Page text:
Video

    Video Reactions to Trump's Success Polarized Abroad

    What seemed impossible less than a year ago is now almost a certainty. New York real estate mogul Donald Trump has won the number of delegates needed to secure the Republican presidential nomination. The prospect has sparked as much controversy abroad as it has in the United States. Zlatica Hoke has more.
    Video

    Video Drawings by Children in Hiroshima Show Hope and Peace

    On Friday, President Barack Obama will visit Hiroshima, Japan, the first American president to do so while in office. In August 1945, the United States dropped an atomic bomb on the city to force Japan's surrender in World War II. Although their city lay in ruins, some Hiroshima schoolchildren drew pictures of hope and peace. The former students and their drawings are now part of a documentary called “Pictures from a Hiroshima Schoolyard.” VOA's Deborah Block has the story.
    Video

    Video Vietnamese Rapper Performs for Obama

    A prominent young Vietnamese artist told President Obama said she faced roadblocks as a woman rapper, and asked the president about government support for the arts. He asked her to rap, and he even offered to provide a base beat for her. Watch what happened.
    Video

    Video Roots Run Deep for Tunisia's Dwindling Jewish Community

    This week, hundreds of Jewish pilgrims are defying terrorist threats to celebrate an ancient religious festival on the Tunisian island of Djerba. The festivities cast a spotlight on North Africa's once-vibrant Jewish population that has all but died out in recent decades. Despite rising threats of militant Islam and the country's battered economy, one of the Arab world's last Jewish communities is staying put and nurturing a new generation. VOA’s Lisa Bryant reports.
    Video

    Video Meet Your New Co-Worker: The Robot

    Increasing numbers of robots are joining the workforce, as companies scale back and more processes become automated. The latest robots are flexible and collaborative, built to work alongside humans as opposed to replacing them. VOA’s Tina Trinh looks at the next generation of automated employees helping out their human colleagues.
    Video

    Video Wheelchair Technology in Tune With Times

    Technologies for the disabled, including wheelchair technology, are advancing just as quickly as everything else in the digital age. Two new advances in wheelchairs offer improved control and a more comfortable fit. VOA's George Putic reports.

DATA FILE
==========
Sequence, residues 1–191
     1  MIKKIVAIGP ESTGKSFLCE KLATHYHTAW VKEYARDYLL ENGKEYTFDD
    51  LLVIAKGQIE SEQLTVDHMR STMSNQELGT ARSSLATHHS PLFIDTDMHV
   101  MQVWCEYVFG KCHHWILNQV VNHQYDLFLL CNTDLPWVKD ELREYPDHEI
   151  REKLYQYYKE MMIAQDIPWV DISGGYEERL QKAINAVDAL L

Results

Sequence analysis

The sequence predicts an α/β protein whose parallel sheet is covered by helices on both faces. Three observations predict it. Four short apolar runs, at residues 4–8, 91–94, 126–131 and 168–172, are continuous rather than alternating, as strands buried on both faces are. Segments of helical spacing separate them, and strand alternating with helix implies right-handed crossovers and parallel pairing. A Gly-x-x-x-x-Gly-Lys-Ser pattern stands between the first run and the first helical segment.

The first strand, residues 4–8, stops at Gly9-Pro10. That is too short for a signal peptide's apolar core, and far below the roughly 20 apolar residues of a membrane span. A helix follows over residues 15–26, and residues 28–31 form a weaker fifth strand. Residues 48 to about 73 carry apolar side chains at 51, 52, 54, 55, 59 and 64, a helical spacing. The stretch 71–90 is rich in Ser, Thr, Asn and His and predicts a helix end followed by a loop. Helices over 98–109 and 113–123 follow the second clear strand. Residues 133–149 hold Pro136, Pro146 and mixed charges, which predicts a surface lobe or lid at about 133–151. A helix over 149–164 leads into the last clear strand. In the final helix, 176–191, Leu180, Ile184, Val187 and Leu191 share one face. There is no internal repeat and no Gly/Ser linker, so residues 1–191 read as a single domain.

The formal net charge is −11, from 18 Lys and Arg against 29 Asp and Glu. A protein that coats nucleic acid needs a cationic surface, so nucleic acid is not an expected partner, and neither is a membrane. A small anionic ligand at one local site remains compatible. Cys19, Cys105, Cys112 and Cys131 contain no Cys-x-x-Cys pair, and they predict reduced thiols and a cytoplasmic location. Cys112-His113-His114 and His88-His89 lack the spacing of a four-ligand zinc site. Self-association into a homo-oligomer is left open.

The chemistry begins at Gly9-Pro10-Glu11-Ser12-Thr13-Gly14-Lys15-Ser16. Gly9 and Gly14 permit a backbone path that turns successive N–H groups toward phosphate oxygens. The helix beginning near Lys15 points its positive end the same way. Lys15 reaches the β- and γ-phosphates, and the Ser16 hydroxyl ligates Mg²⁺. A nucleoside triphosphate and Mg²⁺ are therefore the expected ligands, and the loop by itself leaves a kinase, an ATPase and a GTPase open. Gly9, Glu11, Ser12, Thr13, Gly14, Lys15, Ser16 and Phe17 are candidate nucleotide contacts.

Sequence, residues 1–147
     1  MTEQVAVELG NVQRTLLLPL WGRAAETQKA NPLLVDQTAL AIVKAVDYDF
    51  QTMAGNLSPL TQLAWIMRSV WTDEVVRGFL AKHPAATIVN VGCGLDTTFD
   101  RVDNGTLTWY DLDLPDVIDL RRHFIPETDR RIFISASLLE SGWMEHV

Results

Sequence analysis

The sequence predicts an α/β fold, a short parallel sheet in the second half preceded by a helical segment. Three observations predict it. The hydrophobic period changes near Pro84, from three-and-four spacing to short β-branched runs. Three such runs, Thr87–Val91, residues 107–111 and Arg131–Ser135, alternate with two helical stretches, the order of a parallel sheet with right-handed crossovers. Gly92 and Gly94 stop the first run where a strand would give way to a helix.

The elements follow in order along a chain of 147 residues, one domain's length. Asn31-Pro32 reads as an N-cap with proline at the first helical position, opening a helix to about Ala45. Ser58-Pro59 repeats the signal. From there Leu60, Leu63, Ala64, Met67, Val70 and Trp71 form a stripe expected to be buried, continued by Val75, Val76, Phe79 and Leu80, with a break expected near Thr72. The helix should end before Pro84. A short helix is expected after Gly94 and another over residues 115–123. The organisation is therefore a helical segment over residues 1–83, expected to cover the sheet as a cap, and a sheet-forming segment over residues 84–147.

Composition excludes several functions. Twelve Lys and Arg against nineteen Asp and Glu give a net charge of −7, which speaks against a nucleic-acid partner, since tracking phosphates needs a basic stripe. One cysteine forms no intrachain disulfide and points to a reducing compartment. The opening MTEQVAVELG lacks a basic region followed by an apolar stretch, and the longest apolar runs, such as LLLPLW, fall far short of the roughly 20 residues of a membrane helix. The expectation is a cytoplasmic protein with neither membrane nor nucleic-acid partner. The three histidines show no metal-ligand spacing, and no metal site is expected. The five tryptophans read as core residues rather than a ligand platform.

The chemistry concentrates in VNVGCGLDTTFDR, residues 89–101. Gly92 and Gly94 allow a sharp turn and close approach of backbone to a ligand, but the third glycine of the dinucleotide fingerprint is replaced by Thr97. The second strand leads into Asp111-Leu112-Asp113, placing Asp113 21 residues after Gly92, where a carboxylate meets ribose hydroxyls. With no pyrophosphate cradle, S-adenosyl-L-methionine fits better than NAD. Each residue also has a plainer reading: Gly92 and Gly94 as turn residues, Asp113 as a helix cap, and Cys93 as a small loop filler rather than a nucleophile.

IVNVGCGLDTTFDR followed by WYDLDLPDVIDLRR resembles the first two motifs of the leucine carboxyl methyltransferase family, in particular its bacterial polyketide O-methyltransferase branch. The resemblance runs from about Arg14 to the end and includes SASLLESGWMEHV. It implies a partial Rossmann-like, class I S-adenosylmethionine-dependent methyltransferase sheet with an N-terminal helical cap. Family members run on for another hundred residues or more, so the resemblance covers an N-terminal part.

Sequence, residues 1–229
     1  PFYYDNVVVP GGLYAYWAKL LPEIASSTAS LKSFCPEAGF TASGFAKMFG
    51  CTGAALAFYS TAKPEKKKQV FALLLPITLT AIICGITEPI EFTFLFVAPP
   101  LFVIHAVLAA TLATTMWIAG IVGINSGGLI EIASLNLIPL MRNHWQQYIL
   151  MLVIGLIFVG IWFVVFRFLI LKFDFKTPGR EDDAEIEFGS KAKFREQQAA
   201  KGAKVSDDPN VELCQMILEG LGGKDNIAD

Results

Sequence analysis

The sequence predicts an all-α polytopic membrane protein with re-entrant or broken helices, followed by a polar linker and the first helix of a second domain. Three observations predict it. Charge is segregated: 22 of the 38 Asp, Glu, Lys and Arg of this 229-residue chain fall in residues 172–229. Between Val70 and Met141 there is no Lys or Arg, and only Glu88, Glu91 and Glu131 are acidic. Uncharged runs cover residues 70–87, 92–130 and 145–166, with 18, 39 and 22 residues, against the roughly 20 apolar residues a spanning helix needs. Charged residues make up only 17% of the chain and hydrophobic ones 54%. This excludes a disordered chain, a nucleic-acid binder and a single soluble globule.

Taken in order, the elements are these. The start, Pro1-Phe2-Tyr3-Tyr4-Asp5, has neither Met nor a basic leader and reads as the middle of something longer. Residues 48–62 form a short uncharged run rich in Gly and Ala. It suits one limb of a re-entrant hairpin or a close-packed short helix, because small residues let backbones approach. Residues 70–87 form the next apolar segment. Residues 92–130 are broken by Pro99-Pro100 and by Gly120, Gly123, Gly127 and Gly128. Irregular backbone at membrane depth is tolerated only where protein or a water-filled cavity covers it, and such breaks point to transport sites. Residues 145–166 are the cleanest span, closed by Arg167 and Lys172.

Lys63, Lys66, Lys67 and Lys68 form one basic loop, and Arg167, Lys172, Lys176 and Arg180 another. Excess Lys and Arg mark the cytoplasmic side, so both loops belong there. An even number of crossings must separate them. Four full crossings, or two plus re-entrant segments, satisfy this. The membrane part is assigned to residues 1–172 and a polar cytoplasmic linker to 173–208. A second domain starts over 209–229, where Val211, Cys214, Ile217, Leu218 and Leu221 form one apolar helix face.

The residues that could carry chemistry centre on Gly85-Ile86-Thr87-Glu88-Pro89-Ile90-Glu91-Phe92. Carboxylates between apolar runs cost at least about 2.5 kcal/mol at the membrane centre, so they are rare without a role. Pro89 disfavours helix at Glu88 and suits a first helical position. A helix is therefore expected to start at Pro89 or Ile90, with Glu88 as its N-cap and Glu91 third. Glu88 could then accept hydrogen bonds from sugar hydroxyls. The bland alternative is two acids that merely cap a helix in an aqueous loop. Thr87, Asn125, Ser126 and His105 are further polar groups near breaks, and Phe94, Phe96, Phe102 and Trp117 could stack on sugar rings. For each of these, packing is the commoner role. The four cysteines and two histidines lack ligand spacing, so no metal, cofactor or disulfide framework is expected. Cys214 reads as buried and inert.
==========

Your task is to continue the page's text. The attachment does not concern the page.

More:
Video

    Video Baby Boxes Offer Safe Haven for Unwanted Children

    No one knows exactly how many babies are abandoned worldwide each year. The statistic is a difficult one to determine because it is illegal in most places. Therefore unwanted babies are often hidden and left to die. But as Erika Celeste reports from Woodburn, Indiana, a new program hopes to make surrendering infants safer for everyone.
    Video

    Video California Celebration Showcases Local Wines, Balloons

    Communities in the U.S. often hold festivals to show what makes them special. In California, for example, farmers near Fresno celebrate their figs and those around Gilmore showcase their garlic. Mike O'Sullivan reports that the wine-producing region of Temecula offers local vintages in an annual festival where rides on hot-air balloons add to the excitement.
    Video

    Video US Elementary School Offers Living Science Lessons

    Zero is not a good score on a test at school. But Discovery Elementary is proud of its “net zero” rating. Net zero describes a building in which the amount of energy provided by on-site renewable sources equals the amount of energy the building uses. As Faiza Elmasry tells us, the innovative features in the building turn the school into a teaching tool, where kids can't help but learn about science and sustainability. Faith Lapidus narrates.

    Special Report

    Adrift The Invisible African Diaspora